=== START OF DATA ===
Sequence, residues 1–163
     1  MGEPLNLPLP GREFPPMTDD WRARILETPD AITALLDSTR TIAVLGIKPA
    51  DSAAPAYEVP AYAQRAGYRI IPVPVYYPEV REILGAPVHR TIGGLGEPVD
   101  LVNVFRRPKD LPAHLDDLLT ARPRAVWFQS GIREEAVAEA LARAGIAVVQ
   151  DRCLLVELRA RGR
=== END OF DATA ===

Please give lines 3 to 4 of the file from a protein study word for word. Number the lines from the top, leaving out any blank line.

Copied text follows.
    51  DSAAPAYEVP AYAQRAGYRI IPVPVYYPEV REILGAPVHR TIGGLGEPVD
   101  LVNVFRRPKD LPAHLDDLLT ARPRAVWFQS GIREEAVAEA LARAGIAVVQ